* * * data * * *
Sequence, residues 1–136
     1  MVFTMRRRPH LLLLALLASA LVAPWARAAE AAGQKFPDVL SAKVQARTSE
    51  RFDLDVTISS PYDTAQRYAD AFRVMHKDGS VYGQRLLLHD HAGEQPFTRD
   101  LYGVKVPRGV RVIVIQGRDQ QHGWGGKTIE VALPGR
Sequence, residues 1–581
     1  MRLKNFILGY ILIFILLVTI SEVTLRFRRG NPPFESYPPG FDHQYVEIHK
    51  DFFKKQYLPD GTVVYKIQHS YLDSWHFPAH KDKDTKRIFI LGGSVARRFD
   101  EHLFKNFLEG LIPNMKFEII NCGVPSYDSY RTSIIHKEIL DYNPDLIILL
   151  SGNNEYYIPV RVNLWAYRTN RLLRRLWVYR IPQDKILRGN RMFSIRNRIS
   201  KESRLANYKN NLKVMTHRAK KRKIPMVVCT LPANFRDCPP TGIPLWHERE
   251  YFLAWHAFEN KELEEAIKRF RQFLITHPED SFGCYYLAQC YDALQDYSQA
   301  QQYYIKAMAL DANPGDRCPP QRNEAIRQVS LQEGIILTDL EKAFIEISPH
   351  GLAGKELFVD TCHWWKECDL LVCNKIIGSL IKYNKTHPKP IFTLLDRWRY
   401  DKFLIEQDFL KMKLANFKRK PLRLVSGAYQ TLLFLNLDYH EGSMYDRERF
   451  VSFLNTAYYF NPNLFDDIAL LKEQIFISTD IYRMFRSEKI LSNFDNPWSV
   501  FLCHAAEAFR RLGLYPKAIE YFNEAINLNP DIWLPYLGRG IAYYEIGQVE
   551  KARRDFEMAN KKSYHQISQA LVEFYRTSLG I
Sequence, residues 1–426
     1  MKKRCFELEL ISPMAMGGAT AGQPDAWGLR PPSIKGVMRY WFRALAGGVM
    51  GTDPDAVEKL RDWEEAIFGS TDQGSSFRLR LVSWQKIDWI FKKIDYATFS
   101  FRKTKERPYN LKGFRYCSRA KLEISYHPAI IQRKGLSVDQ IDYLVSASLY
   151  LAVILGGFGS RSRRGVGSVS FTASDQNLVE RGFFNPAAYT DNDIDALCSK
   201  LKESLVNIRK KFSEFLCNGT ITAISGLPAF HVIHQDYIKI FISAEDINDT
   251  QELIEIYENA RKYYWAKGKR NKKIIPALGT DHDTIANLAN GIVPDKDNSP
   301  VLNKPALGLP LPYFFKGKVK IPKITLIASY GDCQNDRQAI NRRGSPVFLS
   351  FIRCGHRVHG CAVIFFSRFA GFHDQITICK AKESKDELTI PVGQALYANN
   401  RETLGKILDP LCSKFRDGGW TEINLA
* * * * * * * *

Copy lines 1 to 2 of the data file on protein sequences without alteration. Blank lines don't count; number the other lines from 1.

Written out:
Sequence, residues 1–136
     1  MVFTMRRRPH LLLLALLASA LVAPWARAAE AAGQKFPDVL SAKVQARTSE